Holiday jobs! We’ve all had them; we’ve all yawned through them. But what of those holiday positions that are a bit less… normal? In the first of a two-part feature, three Standard Issue writers share their experiences of summer job unusualness, from taking part in botched crime reconstructions to warding off sexual advances while dressed as a giant cartoon miner.
A seemingly innocuous job at the local chippy turned Dotty Winters into a vinegary swear machine with a booming sideline in witness statements.
I have recently been informed that British fish and chip shops serve over 247 million portions of fish and chip meals each year. This impressive statistic surprised me a bit because, had I not heard it from a reliable source, I would have guessed that this was the approximate number of portions we served each and every Friday in the chippy where I used to work.
Working in a chip shop is a great way to expand your vocabulary. Not only did I learn some of my most favourite and creative swears while working there, but I also mastered the endless regional variations in ordering.
After spending several weeks in a state of bafflement, I was soon able to accurately identify the following: scraps, bits, wet chips, barms, stotties, butties, Chinese gravy, tatty scallops, saveloys, wide-boys, salt ‘n sauce, pickled eggs and a haggis supper.
Usborne never made a spotter’s guide to regional fried food terminology, but if they had I’d have rattled through it in the course of the average weekend.
We had a pleasingly oddball selection of regulars. Among these were a group of overly optimistic slimmers who popped in once a week on their way home from weigh-in (wish and chips anyone?). There were also jumper-wearing bearded nerds (chipsters) and a number of hen-pecked fish-and-chipocrites who led secret double lives as at-home vegetarians. A chip shop is also the natural habitat of the lesser-spotted comfort-eater – a regular reminder that in many ways we are all only ever one bad day away from a trip to the chippy.
There are lots of exciting tasks which form part of your daily toil in a chippy: lugging potato sacks; tumbling the potatoes to remove the skins; endlessly wiping grease off things; mushing the peas etc. But if I had to narrow it down I’d say the most exciting part of my job was the endless witness statements and court appearances.
“After spending several weeks in a state of bafflement, I was soon able to accurately identify the following: scraps, bits, wet chips, barms, stotties, butties, Chinese gravy, tatty scallops, saveloys, wide-boys, salt ‘n sauce, pickled eggs and a haggis supper.”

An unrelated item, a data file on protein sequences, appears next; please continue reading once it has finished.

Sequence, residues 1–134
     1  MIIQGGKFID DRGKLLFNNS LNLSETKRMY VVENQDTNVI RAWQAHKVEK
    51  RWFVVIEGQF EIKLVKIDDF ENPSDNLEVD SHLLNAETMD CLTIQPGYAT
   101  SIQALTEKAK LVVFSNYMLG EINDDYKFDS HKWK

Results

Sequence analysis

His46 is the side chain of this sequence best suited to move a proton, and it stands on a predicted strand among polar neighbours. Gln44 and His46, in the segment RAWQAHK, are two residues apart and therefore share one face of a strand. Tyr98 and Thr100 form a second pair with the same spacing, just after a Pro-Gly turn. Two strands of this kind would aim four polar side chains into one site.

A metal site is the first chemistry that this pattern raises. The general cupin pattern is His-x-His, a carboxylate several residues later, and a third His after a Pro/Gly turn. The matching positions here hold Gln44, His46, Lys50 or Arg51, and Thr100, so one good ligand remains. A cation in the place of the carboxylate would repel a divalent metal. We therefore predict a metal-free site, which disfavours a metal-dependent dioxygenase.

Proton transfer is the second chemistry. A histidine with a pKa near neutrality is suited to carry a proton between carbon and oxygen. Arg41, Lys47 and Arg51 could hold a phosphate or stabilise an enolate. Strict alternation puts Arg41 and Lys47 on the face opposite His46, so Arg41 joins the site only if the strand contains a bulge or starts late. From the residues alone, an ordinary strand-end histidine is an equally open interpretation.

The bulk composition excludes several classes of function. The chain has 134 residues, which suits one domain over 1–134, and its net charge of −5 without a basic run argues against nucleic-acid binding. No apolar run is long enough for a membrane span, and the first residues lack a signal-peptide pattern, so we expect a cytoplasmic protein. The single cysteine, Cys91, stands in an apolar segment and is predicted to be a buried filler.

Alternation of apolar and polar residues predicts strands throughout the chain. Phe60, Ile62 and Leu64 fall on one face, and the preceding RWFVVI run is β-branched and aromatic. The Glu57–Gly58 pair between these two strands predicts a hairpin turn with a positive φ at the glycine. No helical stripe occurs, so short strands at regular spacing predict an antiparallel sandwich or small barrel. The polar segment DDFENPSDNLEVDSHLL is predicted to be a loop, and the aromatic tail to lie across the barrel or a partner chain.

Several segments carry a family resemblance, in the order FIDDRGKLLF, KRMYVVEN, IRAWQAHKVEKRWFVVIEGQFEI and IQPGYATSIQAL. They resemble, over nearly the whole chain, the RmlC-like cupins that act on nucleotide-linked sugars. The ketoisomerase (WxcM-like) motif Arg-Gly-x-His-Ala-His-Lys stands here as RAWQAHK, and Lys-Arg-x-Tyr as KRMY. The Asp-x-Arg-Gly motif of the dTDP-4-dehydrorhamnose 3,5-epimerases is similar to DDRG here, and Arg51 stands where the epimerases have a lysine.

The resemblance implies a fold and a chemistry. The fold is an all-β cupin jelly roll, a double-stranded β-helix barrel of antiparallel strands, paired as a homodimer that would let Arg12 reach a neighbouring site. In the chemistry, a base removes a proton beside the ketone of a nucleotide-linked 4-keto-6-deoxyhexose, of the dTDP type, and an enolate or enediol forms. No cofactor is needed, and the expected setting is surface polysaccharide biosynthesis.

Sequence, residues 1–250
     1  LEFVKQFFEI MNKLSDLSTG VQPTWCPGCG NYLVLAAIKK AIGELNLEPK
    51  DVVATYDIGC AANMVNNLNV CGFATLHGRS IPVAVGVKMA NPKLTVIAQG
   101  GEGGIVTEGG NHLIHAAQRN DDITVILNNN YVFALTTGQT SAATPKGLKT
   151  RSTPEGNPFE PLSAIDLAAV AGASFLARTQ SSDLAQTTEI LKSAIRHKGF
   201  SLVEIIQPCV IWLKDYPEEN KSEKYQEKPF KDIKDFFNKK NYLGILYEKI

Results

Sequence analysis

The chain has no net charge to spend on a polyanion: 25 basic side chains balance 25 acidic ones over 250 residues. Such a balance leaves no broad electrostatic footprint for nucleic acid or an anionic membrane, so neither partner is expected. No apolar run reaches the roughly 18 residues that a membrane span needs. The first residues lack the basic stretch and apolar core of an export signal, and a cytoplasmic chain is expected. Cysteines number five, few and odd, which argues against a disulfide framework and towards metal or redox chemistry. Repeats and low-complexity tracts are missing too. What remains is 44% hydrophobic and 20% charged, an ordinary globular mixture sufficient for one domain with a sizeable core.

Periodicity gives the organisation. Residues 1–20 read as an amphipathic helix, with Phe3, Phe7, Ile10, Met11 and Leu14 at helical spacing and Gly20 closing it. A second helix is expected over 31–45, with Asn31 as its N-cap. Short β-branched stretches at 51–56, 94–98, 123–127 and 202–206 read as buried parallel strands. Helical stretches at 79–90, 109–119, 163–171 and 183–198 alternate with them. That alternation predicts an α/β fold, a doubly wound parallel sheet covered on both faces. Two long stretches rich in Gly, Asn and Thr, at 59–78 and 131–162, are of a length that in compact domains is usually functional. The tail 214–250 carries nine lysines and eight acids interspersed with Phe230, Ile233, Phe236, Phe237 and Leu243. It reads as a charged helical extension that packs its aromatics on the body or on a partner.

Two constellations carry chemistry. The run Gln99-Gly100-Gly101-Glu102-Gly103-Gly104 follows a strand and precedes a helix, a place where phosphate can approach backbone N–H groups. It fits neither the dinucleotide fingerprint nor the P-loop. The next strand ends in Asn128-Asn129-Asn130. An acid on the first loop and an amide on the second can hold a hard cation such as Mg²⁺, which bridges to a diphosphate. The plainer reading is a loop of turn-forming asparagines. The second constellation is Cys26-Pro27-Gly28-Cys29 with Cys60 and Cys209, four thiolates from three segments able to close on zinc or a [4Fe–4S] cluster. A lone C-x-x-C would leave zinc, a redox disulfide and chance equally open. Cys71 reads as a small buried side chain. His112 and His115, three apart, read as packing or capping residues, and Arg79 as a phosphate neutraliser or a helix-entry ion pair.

In my wisdom I’d chosen to work in a chippy right on the frontier of drunken revelry. With our street-facing counter and large windows we had a front-row view of the weekly violent brawls. I soon discovered that the higher-than-you’d-expect-for-a-chippy hourly rate covered the additional time required to complete witness statements and, on occasion, appear in court. All of this was even less fun than it sounds, and as a small-village 19-year-old away from home for the first time, I found it utterly terrifying.
Kudos is due to the chip shop owner, who could easily have allowed all of this to be someone else’s problem, but instead ferried his young workforce back and forward to police stations and court-buildings as part of his commitment to cleaning up the streets. He was a dedicated local entrepreneur who at all times wore a literal and figurative white hat. Nevertheless, the experience of serving chips and scraps was grittier and more gruesome than my skin after a 10-hour shift.
It’s not for everyone, but if you find watching Law & Order from your sofa gets a bit stale, I recommend a job in a lively chip shop. You’ll be exhausted, you’ll stink of oil, you’ll stain your hands with newsprint and nothing stings quite like vinegar in a fresh paper cut, but you’ll sweat off the pounds, have very well moisturised skin, learn awesome new swear words, never want to eat chips and will get your very own crash course in the British legal system. That’s got to beat three months of making tea, unpaid, in a fancy legal firm, hasn’t it?
Nascent stand-up, fan of fancy words, purveyor of occasional wrongness, haphazard but enthusiastic parent, science-fan, apprentice-feminist. @DottyWinters